Musical Instruments, Newark, Minecraft, More: Sunday Buzz, November 15th, 2015


In development: a database of historic musical instruments. That contrabass serpent looks awesome. “A new online database of historic instruments is to be created by the Royal College of Music (RCM) as part of its ongoing digitisation initiative. It will allow the public to find out about 40,000 individual instruments held in more than 100 musical instrument collections in the UK, including the world’s only octave contrabass serpent.”

In (further) development: a digital archive for the architecture of Newark, New Jersey. “NJIT’s Barbara and Leonard Littman Architecture and Design Library was awarded a $13,500 state grant from the New Jersey Historical Commission (NJHC) to further develop the Digital Archive of Newark Architecture.”

Historical sites of Scotland have been recreated in Minecraft. “Scotland’s ancient historical sites are now ‘virtually’ at player’s fingertips through a full-scale Minecraft world called Crafting the Past. After months of site visits, building and trialling, people from across the world are invited to download and uncover Roman forts, journey back to the Victorian era or excavate long-lost Pictish settlements as part of the immersive game.”


The American Archive of Public Broadcasting now has an experimental API. “With the most recent release, the AAPB now has a public API. It’s an experiment at this point, but documentation is available, and we’ve put up a few examples. For example, you can explore coverage of different topics over the years, or see how coverage changes in different parts of the country.”

Google Maps is expanding its Local Guides programs. “Local Guides is a global community that helps you explore the world while earning perks. Once you sign up, every place you contribute to in Google Maps earns you points towards unlocking something new—from early access to new products to exclusive contests and events, bonus Drive storage, and more.”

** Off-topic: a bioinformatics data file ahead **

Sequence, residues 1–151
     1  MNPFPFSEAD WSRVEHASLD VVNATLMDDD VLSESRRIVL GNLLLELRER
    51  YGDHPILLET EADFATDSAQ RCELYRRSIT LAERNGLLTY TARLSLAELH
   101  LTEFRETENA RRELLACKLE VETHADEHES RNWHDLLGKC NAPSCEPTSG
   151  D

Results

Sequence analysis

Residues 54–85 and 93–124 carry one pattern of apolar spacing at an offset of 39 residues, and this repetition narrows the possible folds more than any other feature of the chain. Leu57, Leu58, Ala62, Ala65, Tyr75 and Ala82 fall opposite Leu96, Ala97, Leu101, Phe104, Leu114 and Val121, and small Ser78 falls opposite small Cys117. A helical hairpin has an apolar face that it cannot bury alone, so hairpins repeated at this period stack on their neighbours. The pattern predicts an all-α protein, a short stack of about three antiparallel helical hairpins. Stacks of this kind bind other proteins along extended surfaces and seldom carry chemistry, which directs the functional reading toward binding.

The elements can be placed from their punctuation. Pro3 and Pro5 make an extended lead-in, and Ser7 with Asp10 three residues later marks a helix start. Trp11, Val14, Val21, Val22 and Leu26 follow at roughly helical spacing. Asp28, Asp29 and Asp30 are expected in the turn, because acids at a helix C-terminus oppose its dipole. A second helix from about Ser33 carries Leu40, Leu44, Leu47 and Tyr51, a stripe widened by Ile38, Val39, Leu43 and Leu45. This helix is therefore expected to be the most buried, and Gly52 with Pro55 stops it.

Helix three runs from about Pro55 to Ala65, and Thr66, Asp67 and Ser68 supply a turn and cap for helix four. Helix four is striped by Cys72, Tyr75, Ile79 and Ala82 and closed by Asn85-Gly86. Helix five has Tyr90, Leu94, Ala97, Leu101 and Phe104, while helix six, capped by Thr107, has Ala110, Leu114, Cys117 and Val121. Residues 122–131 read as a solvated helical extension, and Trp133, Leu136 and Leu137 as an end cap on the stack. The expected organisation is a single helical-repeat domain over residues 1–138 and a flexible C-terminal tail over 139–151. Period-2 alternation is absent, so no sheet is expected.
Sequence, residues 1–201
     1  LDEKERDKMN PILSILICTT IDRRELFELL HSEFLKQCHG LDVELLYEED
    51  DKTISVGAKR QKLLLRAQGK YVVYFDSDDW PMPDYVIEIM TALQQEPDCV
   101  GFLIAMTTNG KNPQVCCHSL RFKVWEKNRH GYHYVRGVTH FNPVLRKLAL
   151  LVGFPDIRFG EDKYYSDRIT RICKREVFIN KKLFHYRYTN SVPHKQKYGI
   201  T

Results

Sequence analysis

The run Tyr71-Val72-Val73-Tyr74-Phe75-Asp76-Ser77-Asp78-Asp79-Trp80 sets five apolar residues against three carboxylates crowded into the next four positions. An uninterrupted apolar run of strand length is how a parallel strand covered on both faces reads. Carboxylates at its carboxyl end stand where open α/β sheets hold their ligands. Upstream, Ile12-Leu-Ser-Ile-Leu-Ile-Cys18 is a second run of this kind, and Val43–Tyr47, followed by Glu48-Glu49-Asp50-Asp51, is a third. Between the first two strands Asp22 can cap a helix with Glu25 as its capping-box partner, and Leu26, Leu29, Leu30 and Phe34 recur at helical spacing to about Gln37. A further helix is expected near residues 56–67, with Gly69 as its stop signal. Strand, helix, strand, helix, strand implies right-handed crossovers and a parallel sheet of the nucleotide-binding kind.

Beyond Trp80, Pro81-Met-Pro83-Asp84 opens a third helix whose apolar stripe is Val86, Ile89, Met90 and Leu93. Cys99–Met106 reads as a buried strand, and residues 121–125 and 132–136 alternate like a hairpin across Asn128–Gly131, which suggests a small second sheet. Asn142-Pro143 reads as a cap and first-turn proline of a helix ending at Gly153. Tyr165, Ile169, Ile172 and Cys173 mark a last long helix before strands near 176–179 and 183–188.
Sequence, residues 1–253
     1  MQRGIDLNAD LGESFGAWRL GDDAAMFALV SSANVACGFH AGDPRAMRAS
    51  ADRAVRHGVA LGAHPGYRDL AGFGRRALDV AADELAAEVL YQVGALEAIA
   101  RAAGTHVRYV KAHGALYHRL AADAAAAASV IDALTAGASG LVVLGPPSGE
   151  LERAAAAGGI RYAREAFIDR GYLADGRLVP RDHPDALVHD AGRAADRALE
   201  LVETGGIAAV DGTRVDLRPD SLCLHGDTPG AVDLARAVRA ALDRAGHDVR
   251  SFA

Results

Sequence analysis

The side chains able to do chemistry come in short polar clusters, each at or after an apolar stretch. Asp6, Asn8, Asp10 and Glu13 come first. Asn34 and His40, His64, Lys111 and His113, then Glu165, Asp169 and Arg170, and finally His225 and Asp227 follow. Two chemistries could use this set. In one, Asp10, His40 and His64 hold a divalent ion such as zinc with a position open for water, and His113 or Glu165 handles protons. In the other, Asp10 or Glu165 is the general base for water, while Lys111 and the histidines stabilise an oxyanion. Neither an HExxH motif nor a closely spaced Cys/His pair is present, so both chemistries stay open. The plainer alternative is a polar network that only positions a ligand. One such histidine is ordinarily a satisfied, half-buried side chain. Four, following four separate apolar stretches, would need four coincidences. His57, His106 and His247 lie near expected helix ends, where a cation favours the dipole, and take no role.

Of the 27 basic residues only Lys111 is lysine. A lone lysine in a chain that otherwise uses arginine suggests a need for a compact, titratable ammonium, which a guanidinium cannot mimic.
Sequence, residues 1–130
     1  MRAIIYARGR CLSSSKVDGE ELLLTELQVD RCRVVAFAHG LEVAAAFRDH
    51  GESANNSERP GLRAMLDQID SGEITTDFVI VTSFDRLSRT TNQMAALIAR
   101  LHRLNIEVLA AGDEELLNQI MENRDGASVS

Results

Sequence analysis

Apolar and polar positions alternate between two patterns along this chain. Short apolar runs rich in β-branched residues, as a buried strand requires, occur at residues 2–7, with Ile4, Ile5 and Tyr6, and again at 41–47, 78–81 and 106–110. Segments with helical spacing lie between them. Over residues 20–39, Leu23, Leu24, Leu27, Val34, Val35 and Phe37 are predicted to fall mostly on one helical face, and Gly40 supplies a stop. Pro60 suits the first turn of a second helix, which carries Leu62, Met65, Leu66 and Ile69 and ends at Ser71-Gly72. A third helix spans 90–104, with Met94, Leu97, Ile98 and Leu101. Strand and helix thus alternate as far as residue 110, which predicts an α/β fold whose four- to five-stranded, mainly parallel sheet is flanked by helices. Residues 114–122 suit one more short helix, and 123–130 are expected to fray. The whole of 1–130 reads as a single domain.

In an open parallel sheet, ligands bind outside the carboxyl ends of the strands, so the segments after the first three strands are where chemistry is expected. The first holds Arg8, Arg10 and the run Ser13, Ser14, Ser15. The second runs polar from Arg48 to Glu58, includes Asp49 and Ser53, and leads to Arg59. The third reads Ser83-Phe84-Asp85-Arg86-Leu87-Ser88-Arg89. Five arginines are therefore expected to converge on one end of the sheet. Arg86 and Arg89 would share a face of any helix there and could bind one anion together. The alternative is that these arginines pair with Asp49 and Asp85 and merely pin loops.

More Google: it will drop support for Chrome on older operating systems by April of next year. “Starting April 2016, users who still use Chrome on XP (and at this point, there’s really no excuse for running Chrome on XP) will no longer get updates and security fixes. Ending XP support is not a massive surprise, but as Google also announced today, Windows Vista and Mac OS X 10.6, 10.7 and 10.8. will also no longer be supported…”

Facebook is adding a notification feature to its live streams. “…Facebook got more serious about its ‘Live’ streaming feature and competing with Periscope by adding a Subscribe button to streams of public figures. Once you click the Subscribe button on a live stream or recorded replay of a stream, you’ll get a push notification whenever that celebrity, journalist, politician, or other bigwig starts a live stream.”


Overstock is blaming its recent poor performance on Google. “Overstock’s Q3 2015 financial report showed a significant earnings drop, leading to an 18-percent stock price decline this morning. Overstock has blamed the bad quarter in part on Google ranking changes that happened earlier this year.”

Instagram has a new marketing partner program. “Today Instagram announced its marketing Partner Program that highlights 40 companies in advertising, analytics, and community management that it recommends brands work with.”


Increased DM sizes in Twitter has an unexpected side effect: more space for botnets. “London security researcher Paul Amar has built a tool capable of exploiting Twitter’s extended direct messaging function for covert botnet command and control. Amar created Twittor which allows attackers of white or black hats to create a fleet of compromised machines that can communicate, receive instructions, and update over the social network.”

Google has has updated its Safe Browsing feature to protect against social engineering. “The threat landscape is constantly changing—bad actors on the web are using more and different types of deceptive behavior to trick you into performing actions that you didn’t intend or want, so we’ve expanded protection to include social engineering. Social engineering is a much broader category than traditional phishing and encompasses more types of deceptive web content.”


Interesting work from Fusion: analyzing the images of political campaigns. “The Political Image Machine is our attempt to capture and classify this visual pageantry as it unfolds across the internet. The machine methodically captures every image—almost 70,000 at this writing—posted by every Republican and Democratic presidential candidate on Facebook, Twitter, and Instagram.” Good morning, Internet…

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